Here's an essay from the Sydney Morning Herald on the subject of "Second-Novel Syndrome."
In short, SNS is an author's feeling of inadequacy when faced with the prospect of writing her second novel--the nagging fear that "I can't do it again."
I haven't felt SNS yet, but that may be because: a)I'm a pretty methodical writer, and b)my first novel hasn't been published yet! If anything, I hope that my second novel will be better than my first, because writing the first taught me so much. I do believe that writing the second novel will feel different. I have a challenge that not all writers face: the second novel is a prequel to the first. That means that I have to go back in time and depict characters who were middle-aged adults in the first novel as young people in the second novel. How they appear in the prequel must be faithful to who they eventually become.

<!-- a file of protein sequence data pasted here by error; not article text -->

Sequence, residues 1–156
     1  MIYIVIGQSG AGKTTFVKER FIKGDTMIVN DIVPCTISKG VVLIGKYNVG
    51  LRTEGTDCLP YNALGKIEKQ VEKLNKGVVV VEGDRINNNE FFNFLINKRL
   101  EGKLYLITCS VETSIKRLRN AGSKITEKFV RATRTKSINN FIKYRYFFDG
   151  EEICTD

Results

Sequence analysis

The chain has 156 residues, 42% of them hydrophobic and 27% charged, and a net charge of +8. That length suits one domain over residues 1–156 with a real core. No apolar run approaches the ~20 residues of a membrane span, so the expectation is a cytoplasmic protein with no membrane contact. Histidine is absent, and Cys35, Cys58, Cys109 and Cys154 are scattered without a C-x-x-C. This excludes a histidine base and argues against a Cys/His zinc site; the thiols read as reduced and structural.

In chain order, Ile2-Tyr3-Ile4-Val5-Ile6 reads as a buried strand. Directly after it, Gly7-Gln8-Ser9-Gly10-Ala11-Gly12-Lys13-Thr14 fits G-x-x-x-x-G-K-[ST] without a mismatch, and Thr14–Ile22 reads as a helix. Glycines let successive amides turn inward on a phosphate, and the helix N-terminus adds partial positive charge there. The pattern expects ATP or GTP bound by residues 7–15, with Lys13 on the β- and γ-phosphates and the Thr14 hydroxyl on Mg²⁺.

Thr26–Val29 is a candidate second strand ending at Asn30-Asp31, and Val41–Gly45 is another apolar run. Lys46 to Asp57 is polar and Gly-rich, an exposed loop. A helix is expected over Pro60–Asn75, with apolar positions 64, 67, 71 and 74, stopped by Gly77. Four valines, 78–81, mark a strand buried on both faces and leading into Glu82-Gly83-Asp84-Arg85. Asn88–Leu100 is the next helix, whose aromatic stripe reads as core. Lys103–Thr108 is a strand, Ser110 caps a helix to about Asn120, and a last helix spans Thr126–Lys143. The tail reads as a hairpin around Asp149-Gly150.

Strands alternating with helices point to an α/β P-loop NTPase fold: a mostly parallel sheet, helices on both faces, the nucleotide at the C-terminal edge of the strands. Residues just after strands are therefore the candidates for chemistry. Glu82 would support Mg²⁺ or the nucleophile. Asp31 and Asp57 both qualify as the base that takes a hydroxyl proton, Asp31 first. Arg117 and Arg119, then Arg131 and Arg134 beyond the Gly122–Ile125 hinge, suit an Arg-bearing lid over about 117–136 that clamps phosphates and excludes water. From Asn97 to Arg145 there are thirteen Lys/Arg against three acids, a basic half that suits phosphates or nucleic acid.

The other challenge of writing a prequel is that the reader already knows how the story turns out. But, as I've noted before in this blog, genre fiction is always predictable. The outcome of the plot is not the compelling aspect of a genre novel. What matters is how the author resolves the plot, and whether the characters are substantial and organic enough to allow the reader to invest in them as real people.